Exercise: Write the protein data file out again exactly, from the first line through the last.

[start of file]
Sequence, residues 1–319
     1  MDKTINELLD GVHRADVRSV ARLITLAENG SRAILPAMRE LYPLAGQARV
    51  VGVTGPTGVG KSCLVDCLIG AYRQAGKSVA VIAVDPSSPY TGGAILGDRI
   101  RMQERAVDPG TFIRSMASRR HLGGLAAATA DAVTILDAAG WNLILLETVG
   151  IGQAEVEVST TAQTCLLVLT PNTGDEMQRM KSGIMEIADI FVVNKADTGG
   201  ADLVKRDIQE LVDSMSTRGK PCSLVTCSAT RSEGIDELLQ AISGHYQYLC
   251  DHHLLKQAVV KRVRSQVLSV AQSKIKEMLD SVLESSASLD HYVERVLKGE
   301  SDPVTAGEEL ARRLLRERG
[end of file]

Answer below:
Sequence, residues 1–319
     1  MDKTINELLD GVHRADVRSV ARLITLAENG SRAILPAMRE LYPLAGQARV
    51  VGVTGPTGVG KSCLVDCLIG AYRQAGKSVA VIAVDPSSPY TGGAILGDRI
   101  RMQERAVDPG TFIRSMASRR HLGGLAAATA DAVTILDAAG WNLILLETVG
   151  IGQAEVEVST TAQTCLLVLT PNTGDEMQRM KSGIMEIADI FVVNKADTGG
   201  ADLVKRDIQE LVDSMSTRGK PCSLVTCSAT RSEGIDELLQ AISGHYQYLC
   251  DHHLLKQAVV KRVRSQVLSV AQSKIKEMLD SVLESSASLD HYVERVLKGE
   301  SDPVTAGEEL ARRLLRERG